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Do Your Own Books

Charlie Brown lying on his back
If you are self-employed or run a tiny business, you will have to ensure a certain amount of bookkeeping gets done.  The traditional approach is to stuff everything into a folder or envelope (bank statements, Staples receipts, check stubs, deposit slips..) and give it, sheepishly, to your hired bookkeeper/accountant at the end of the year.  Or six months after the end of the year, when you get a stiff letter from the tax authority reminding you that even if you owe no tax, they can apply a penalty for NOT FILING.  Which never seemed fair to me, but anyway.

My radical suggestion to you is: you should do your own books.

“Augh!” you shout, like a Peanuts character.  Maybe you feel like this:

But take a look at the work involved.  For my software contracting business, there are 24 salary checks a year, 12 payroll tax payments, 12 invoices per client per year, 10-30 miscellaneous transactions (the Staples receipts) and one year-end.  That’s not a lot of work.  It can easily be done in 5 minutes a week.  But if you save it until the end of the year, you’ve got at least 4 hours of work, probably more like 8 hours — what with finding and organizing all the slips of paper.  Suddenly it’s a daunting task that blows a whole work day and leaves you stomping around all grumpy, snapping at your spouse and kids.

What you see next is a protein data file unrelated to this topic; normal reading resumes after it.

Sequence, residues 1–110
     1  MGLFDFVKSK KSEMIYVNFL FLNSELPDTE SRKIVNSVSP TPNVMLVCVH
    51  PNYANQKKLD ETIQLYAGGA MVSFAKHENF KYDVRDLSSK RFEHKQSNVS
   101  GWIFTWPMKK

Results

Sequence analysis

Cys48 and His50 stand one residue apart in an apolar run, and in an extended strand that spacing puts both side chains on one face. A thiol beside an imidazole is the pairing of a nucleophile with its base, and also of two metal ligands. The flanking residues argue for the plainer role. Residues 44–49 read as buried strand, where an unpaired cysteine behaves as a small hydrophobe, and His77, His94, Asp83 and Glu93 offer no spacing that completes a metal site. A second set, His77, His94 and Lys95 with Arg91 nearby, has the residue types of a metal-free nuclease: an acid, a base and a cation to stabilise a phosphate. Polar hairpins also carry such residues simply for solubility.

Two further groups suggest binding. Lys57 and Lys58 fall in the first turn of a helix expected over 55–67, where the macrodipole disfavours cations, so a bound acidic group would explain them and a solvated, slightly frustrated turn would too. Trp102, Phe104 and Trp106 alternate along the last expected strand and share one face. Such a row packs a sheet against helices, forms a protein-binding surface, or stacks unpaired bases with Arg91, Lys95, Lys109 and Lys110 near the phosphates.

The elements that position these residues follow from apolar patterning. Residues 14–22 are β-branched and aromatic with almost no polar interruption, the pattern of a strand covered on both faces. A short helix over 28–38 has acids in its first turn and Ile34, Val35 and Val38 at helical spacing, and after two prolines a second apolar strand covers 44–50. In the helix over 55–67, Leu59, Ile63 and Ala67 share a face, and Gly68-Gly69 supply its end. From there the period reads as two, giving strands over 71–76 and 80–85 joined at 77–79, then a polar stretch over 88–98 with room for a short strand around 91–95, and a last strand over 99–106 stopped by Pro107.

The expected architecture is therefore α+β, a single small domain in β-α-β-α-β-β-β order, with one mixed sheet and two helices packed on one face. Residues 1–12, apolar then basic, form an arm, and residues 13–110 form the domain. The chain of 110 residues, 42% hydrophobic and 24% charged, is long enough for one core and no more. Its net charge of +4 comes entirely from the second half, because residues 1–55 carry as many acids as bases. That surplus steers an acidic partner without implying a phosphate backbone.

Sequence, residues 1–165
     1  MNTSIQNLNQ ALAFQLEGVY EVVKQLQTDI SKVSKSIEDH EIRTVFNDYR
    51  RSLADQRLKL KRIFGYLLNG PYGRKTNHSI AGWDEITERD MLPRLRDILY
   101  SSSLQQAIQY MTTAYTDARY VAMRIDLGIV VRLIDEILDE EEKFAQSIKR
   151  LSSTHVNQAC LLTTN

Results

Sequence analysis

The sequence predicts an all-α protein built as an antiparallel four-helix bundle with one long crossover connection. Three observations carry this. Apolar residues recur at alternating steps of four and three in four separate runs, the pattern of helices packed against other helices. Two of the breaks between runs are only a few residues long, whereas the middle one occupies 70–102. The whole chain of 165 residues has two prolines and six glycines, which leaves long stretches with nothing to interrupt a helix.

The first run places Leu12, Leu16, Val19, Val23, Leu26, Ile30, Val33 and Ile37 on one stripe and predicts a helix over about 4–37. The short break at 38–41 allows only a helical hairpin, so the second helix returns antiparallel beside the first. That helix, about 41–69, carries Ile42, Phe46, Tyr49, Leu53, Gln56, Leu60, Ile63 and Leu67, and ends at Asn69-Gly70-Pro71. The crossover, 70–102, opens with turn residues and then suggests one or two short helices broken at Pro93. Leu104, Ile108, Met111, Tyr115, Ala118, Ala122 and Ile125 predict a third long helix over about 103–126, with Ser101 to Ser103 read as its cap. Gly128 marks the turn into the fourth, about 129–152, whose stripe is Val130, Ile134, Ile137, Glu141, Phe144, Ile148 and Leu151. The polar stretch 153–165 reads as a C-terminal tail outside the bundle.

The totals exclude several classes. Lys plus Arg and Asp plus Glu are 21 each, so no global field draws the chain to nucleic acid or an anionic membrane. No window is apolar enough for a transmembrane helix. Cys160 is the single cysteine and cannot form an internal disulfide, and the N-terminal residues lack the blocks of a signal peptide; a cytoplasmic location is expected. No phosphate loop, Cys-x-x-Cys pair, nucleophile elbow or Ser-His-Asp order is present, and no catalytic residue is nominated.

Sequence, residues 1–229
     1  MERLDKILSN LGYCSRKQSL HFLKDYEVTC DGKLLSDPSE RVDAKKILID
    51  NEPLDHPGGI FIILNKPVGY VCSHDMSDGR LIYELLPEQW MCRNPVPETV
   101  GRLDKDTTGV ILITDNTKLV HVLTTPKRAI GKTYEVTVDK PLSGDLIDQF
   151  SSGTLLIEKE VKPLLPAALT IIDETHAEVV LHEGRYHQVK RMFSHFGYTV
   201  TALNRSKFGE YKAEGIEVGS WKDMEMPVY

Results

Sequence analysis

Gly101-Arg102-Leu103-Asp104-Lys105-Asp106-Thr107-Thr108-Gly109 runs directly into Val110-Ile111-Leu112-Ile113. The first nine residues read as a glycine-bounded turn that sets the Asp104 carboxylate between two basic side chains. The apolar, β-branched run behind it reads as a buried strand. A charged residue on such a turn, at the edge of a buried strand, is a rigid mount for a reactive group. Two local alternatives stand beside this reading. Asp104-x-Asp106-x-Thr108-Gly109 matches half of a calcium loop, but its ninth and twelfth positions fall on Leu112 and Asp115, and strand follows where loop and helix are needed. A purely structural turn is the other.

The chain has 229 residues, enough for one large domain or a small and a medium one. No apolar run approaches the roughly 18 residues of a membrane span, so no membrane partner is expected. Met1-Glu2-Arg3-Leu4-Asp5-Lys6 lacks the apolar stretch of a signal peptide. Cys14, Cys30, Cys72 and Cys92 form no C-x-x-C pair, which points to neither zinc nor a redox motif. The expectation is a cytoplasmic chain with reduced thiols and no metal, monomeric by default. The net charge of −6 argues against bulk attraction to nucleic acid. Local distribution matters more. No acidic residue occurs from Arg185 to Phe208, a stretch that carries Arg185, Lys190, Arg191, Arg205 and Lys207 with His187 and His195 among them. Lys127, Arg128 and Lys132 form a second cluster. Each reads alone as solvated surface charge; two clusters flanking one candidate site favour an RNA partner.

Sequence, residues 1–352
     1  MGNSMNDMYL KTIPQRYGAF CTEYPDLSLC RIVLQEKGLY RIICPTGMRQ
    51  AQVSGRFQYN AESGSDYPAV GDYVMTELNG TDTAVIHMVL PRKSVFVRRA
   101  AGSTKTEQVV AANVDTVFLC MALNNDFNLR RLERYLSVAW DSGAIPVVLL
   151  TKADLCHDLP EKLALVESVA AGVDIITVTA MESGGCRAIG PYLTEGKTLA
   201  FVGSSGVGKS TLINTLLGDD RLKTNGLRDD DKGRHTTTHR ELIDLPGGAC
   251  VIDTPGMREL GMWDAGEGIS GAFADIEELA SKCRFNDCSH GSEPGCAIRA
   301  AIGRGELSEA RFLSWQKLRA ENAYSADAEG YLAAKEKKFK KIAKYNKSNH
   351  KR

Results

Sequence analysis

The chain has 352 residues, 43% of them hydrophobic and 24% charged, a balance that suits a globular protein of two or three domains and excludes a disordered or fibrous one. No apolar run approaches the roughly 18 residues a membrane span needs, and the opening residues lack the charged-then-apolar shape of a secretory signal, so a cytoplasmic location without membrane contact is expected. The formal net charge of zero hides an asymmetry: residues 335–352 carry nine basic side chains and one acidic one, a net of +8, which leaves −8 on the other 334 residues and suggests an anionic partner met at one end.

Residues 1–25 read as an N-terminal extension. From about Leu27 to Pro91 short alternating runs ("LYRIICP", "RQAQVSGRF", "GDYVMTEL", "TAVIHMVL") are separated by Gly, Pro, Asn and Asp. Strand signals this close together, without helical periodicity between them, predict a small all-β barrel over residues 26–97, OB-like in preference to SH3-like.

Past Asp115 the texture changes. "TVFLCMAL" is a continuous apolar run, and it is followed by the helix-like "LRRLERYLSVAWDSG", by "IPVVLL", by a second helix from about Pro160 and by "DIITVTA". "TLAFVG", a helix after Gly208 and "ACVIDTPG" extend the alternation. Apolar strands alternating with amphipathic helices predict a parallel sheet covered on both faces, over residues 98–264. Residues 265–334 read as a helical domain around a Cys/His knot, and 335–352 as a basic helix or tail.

I’ll write up some more reasons to do your own books later, but now… I have to go take my own advice and reconcile my checking accounts.

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